7 Ways to Prevent Childhood Death in Hot Cars

July 7th, 2021

It’s been a scorching start to summer in Bucks and Montgomery counties, and the temperature shows no signs of cooling down over the long term. Heat can be dangerous, especially for young children inside a hot car.

On a 90-degree day, the inside of a locked, uncooled car can reach as high as 110. Sadly, that’s hot enough to cause fatal heatstroke in young children. In 2018 and ‘19, a record 53 children died of pediatric vehicular heatstroke (PVH) after being trapped in a hot car. In 2020, during the COVID-19 pandemic, 25 people lost their lives in hot cars, and seven children have died so far in 2021, according to the National Highway Transportation Safety Administration.

“A child’s body temperature can rise three-to-five times faster than an adult’s,” says emergency medicine physician Michael Prasto, MD, with Grand View Emergency Professionals. While children ages 2 and under are most at risk, PVH deaths have occurred in children as old as age 14.

Since 1998, more than half of all PVH deaths resulted from caregivers mistakenly forgetting to take their child out of the car. “Make sure this doesn’t happen to you or your family,” says Marie Dieter, RN, Trauma Program Manager with Grand View Health. Follow these tips from the National Safety Council and the National Highway Transportation Safety Administration:

1. Park, look and lock.

Whenever parking your vehicle, always look in both the front and back seats before you lock the door.

2. Put an often-used item alongside a baby’s car seat.

By setting a purse, cellphone or briefcase in the back seat next to baby, you’ll remember to always check the back seat—and check for baby—before leaving the car.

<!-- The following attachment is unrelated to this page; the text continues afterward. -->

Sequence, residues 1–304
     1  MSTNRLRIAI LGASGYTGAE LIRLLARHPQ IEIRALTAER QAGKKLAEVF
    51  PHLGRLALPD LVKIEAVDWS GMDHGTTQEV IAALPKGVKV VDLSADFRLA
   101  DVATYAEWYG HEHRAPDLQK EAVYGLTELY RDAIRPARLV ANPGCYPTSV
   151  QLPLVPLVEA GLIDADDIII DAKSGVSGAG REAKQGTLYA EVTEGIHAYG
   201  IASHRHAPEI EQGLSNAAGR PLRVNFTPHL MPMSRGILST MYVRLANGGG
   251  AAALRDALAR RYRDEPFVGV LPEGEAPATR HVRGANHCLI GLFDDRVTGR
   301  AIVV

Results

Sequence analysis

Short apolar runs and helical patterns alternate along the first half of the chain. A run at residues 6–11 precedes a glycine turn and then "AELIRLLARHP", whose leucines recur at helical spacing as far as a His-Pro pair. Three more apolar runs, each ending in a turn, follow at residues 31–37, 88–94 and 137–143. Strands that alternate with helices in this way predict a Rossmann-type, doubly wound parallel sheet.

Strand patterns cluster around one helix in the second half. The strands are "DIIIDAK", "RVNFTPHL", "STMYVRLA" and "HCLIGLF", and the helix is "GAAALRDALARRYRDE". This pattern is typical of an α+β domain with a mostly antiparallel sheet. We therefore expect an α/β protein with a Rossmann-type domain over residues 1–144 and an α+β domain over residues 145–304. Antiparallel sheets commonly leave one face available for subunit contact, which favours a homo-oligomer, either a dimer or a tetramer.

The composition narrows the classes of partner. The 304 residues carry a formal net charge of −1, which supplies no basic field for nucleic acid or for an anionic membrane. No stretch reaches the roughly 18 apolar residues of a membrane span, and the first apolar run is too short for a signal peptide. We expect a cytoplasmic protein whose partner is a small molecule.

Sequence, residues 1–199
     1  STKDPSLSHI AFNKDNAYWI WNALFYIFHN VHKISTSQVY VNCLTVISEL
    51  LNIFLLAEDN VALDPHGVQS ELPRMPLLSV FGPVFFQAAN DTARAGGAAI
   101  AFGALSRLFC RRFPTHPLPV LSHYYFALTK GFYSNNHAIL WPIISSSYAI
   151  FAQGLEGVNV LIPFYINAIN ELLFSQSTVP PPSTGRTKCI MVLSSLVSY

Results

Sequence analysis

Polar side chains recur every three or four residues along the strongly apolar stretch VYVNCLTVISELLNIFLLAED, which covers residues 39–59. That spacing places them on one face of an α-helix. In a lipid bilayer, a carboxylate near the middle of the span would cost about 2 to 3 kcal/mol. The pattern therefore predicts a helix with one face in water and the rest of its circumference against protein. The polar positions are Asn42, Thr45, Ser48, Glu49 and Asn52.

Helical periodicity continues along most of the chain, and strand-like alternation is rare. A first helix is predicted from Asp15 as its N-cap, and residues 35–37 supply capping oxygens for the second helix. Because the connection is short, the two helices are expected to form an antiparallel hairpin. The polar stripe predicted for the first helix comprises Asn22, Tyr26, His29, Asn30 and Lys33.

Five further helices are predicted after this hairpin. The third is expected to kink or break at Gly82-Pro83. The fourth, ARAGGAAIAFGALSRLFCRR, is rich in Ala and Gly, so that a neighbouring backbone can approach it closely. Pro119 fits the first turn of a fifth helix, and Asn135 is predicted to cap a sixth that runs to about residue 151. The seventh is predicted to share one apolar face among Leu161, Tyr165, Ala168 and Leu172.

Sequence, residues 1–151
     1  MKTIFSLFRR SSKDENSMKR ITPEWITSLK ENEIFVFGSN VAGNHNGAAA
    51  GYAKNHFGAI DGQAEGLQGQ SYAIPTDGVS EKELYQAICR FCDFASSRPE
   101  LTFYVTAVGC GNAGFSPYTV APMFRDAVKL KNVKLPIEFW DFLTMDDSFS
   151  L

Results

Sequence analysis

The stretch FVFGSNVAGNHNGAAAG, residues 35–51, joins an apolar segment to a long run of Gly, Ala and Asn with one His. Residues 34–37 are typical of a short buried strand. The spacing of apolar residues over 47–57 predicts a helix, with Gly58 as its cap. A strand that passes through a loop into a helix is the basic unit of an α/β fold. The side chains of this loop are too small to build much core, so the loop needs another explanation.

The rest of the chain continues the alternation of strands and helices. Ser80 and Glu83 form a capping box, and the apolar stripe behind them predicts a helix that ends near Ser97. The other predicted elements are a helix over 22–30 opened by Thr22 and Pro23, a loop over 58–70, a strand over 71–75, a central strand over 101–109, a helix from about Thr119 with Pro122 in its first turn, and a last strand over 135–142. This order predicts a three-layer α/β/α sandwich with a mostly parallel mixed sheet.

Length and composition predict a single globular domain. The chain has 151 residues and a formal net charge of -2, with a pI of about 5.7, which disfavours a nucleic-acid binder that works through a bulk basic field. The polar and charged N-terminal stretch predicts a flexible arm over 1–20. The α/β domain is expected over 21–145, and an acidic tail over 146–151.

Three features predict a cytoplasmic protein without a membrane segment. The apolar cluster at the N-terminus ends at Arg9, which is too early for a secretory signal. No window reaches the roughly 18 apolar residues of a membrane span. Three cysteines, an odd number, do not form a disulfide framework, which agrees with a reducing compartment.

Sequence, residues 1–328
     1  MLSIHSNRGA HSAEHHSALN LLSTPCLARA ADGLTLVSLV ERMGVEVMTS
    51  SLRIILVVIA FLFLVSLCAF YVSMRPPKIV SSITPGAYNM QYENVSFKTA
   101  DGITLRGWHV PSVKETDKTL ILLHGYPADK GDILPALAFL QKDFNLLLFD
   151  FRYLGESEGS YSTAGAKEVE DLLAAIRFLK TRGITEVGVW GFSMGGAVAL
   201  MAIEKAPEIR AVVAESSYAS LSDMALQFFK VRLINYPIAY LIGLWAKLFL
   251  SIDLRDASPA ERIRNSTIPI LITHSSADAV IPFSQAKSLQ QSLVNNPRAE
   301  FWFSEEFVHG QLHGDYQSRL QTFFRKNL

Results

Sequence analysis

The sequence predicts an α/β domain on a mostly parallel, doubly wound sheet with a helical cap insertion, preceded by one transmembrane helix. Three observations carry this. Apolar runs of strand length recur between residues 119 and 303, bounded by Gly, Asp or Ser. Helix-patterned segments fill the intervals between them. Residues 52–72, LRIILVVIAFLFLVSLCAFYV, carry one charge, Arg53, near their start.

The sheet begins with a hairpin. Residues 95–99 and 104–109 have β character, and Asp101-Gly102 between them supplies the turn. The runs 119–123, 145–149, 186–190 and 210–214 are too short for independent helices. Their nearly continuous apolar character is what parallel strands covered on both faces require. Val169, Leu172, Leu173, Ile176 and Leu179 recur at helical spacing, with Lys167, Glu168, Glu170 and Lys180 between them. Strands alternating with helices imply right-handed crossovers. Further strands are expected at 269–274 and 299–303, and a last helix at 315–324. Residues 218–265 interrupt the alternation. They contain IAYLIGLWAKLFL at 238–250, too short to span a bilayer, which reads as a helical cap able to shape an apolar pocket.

3. Use a stuffed animal or memento.

Place it in your child’s car seat while unattended. Then, when baby is in his or her car seat, move the memento to the front seat so you’ll remember baby is in the back.

4. Talk with your child’s caregiver.

Instruct them to call you immediately if your child doesn’t arrive as scheduled.

5. Never leave a child alone in a car.

It’s unsafe, even with the windows rolled down and the air-conditioning running.

6. Keep your car doors locked.

Roughly one-quarter of PVH deaths happen to children who get in the car on their own and accidentally lock themselves inside. Keep your car doors locked at all times to prevent this from occurring. Teach children that a vehicle is not a play area and keep your car keys out of reach.

7. If you see a child alone in a car on a hot day, act quickly. If the child appears to be OK, attempt to locate the parents quickly. If the child is unresponsive, call 9-1-1 immediately. Attempt to get in the car, even if it means breaking a window.